moms.com recently published an article, “What Actually Happens If You Die Without A Will,” noting that we're all going to die one day and we should all prepare for it as much as possible.
Estate planning is also very important for parents of minor children. By creating a will, you can make certain that your children are taken care of and that your estate is managed according to your wishes, after you're gone.
Many parents put this task off, and it’s certainly understandable.
Who wants to plan for their own death?
However, we should do what needs to be done to make sure our family and children aren't left to deal with more stress and fighting when we die.
A will is a legal, binding document that provides instructions regarding how you want your estate to be handled after you die. It can also address the care and guardianship of your minor children, if both parents are deceased or one is unable or unwilling to take guardianship of them. You can also include your final wishes for funeral arrangements.
If you die without a will (intestate), then the assets in your estate (possessions, savings, retirement funds and any property you own) will be divided among your living beneficiaries. Without a will, the estate is divided up according to state probate law.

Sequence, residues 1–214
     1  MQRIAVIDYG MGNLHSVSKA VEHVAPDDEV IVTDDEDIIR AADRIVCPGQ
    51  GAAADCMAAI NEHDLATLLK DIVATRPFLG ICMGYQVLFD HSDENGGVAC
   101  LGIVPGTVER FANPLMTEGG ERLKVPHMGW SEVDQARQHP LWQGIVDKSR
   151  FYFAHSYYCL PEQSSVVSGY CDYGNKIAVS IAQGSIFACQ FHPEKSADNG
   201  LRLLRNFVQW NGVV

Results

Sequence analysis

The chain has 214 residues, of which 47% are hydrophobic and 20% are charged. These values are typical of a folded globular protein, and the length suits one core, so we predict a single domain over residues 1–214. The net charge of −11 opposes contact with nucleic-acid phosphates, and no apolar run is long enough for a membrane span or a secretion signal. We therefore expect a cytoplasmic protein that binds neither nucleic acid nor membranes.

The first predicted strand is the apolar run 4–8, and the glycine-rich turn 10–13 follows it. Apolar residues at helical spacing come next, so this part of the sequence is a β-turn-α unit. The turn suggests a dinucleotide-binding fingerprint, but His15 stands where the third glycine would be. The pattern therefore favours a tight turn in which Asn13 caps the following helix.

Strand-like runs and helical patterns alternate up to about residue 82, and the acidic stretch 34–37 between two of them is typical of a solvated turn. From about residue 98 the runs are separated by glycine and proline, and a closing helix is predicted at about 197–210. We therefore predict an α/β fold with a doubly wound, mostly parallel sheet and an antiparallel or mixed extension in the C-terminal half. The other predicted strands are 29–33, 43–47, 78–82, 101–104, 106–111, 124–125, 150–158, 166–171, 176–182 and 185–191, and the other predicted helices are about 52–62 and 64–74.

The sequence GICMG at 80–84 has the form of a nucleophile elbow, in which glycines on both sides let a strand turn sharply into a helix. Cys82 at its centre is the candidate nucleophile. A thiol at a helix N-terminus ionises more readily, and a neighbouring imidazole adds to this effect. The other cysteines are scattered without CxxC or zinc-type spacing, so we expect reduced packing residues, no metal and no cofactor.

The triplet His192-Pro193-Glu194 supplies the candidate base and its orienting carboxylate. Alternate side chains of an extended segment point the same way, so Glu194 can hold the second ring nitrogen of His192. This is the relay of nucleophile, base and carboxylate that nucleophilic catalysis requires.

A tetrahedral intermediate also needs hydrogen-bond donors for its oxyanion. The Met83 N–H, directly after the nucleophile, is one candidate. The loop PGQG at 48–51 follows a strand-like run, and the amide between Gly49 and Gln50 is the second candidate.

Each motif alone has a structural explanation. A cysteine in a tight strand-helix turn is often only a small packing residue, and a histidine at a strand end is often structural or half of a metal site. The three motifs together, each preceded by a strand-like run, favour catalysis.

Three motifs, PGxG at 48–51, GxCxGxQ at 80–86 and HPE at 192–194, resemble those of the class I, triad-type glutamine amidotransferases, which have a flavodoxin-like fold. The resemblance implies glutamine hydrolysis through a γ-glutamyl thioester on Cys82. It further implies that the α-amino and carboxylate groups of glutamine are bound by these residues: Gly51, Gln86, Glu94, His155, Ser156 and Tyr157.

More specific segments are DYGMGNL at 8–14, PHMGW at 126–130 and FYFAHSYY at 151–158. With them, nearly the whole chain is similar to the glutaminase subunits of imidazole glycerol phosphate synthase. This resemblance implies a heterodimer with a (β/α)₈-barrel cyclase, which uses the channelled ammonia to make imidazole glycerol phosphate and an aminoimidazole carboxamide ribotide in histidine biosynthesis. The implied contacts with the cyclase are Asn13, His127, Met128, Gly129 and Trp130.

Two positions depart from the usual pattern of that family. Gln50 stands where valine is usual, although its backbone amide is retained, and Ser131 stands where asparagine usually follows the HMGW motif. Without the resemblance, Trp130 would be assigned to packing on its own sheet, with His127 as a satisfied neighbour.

With a will, you can be certain that your specific wishes are honored after your death. For instance, if you have a common-law spouse, you can ensure they get whatever you want them to have. Some states and cities don’t give common-law spouses estate rights. Your will can help you distinguish between biological or step-children, or minor or adult children.
It is important that a will can establish guardianship of your children, in the event of the death of both parents (or an inability or unwillingness of a living parent to take guardianship). Without a will that discusses guardianship for your children, a judge will make the decision, locating and screening potential guardians. This could take weeks or months, and may not be the person who you want raising your children.
How you select a guardian is very personal. Some parents choose a close family member, like a sister or their parents, and others choose close friends or godparents. To be certain that your wishes are honored as to guardianship (and managing your children's finances), they must be detailed in a legally binding will. These issues are much too important to be left to chance.
Reference: moms.com (November 26, 2018) “What Actually Happens If You Die Without A Will”